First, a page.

Federal assistance for struggling homeowners finds few takers in S.C.
COLUMBIA — Despite an above average foreclosure rate, South Carolina is having surprising difficulty finding takers for a huge pot of federal aid for struggling homeowners.
Hardest Hit Fund
For information on applying for the Hardest Hit Fund, go to scmortgagehelp.com
The program, called the Hardest Hit Fund, was launched by the Obama administration in 2010 to help homeowners in states battered by the economic and housing-market downturn.
South Carolina has received about $295 million from the program and began offering aid in January 2011.
Through June, the S.C. Housing Authority had used less than $30 million of that total on about 3,000 South Carolinians hoping to avoid losing their homes.
States including North Carolina, Ohio, Oregon and Michigan have provided assistance to more than twice as many households.
But like South Carolina, some other states' Hardest Hit programs have helped few participants relative to the scope of the foreclosure crisis.
For instance, only 168 New Jersey households had received assistance through the first quarter of 2012.
So what's to blame for South Carolina's struggles?
The main culprit is a lack of awareness that the help is available, according to the Housing Authority and Charleston-area providers.
“It's a hard population to find, quite frankly,” said Clayton Ingram, spokesman for the Housing Authority. “I think there are a lot of people who are self-excluding. They think it's a scam or don't think it will help. A lot of people may have been turned down for help before.”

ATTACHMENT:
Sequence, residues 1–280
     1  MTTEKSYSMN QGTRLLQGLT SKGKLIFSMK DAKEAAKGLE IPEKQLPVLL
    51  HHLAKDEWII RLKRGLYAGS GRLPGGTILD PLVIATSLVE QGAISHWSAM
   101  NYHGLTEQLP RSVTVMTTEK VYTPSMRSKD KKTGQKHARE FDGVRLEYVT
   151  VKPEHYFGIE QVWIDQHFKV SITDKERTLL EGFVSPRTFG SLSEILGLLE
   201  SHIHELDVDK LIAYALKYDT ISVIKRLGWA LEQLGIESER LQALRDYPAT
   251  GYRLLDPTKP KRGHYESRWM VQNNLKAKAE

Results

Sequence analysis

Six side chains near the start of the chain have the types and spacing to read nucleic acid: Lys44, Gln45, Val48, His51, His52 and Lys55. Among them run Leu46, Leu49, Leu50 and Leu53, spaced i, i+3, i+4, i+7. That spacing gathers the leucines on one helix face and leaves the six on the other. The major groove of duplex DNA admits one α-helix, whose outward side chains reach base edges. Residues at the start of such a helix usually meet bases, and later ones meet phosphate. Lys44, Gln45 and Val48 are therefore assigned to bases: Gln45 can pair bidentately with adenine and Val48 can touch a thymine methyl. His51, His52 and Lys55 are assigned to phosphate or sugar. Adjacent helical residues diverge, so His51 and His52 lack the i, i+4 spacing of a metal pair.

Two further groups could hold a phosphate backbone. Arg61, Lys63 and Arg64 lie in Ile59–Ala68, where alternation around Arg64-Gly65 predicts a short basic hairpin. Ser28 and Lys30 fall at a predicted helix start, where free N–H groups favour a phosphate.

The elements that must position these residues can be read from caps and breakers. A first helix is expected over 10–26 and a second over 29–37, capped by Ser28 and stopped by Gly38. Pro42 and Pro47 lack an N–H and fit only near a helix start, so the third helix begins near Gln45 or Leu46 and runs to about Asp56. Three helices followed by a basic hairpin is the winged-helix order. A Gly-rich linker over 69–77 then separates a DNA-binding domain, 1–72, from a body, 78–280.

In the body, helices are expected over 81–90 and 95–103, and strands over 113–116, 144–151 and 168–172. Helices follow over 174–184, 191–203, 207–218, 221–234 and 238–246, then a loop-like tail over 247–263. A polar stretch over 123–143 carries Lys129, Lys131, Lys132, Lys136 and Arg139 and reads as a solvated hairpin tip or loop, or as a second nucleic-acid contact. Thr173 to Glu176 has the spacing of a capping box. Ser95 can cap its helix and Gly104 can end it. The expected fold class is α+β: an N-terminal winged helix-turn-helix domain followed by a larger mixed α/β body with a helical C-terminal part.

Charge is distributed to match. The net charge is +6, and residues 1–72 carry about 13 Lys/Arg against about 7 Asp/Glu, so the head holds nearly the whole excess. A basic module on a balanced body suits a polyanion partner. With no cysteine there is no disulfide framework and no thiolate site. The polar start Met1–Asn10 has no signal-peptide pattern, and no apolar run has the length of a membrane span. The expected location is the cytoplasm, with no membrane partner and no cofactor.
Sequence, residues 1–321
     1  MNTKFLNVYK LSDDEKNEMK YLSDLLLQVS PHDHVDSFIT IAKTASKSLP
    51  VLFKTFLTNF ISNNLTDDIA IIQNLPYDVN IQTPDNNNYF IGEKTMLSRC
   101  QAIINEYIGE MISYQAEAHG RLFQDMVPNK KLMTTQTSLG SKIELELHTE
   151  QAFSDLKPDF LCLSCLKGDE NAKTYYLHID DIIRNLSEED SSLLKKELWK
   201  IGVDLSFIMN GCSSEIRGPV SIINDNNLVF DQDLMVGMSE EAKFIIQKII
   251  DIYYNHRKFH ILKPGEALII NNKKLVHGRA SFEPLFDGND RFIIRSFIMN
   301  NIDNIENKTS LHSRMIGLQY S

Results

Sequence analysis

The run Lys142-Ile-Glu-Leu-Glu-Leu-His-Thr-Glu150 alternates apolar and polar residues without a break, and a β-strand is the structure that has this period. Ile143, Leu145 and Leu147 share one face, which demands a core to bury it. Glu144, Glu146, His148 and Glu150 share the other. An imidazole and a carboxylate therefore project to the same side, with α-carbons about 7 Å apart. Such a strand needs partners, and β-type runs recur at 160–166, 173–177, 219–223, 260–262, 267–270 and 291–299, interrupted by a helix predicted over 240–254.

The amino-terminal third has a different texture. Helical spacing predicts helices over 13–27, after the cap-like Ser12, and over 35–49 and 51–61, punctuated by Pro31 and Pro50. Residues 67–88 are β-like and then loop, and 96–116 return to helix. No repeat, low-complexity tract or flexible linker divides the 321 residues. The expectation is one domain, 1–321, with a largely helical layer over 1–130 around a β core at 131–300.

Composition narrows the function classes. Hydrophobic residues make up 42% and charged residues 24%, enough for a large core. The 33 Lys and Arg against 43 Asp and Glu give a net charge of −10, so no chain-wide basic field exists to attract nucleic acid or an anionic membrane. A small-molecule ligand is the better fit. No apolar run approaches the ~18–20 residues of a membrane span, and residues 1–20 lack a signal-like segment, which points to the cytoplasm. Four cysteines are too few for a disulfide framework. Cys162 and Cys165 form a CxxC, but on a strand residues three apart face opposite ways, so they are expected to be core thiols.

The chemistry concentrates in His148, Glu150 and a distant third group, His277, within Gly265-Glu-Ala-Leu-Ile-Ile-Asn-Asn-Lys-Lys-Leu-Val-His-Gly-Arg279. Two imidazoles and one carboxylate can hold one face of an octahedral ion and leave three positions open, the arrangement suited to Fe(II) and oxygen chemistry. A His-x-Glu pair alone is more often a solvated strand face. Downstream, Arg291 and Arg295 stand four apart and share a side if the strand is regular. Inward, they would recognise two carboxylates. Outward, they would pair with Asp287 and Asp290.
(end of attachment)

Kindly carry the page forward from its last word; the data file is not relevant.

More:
Local organizations field inquiries about the program, although all applications must ultimately be submitted online.
State doing enough?
Debbie Kidd, director of the Homeownership Resource Center for the nonprofit Family Services Inc. in North Charleston, blames insufficient advertising by the state for the low volume of assistance to S.C. homeowners.
“I'm sure they believe they're doing enough,” she said. But “there's no marketing. I'm out marketing it all the time. Family Services spends a great deal of our own money on advertising.”
Kidd said, “Your neighbor could be suffering in silence and really not know it's out there.”
Dorothia Bernique, executive director of Raising Hope in North Charleston, commends the Housing Authority for advertising the Hardest Hit Fund on billboards and radio.
But she said that effort has come up short.
“Even as well as the Housing Authority does, there are so many problems with awareness,” she said.
Ingram said the Housing Authority has done a comprehensive campaign that included advertising in newspapers, and on the radio and online.
“Really just everything that we could to get the word out,” he said.
The federal government also bears some blame for the Hardest Hit Fund's struggles in some states, according to a federal watchdog report.
The April report by the special inspector general for the Troubled Asset Relief Program faulted the Treasury Department for a lack of planning on how to implement the Hardest Hit program.
Ingram said much of the onus to publicize the program now falls on local providers, because they are the closest to their communities.
The Housing Authority recently began collaborating with the S.C. agency that distributes unemployment benefits, the Department of Employment and Workforce, in an effort to reach more prospective Hardest Hit applicants.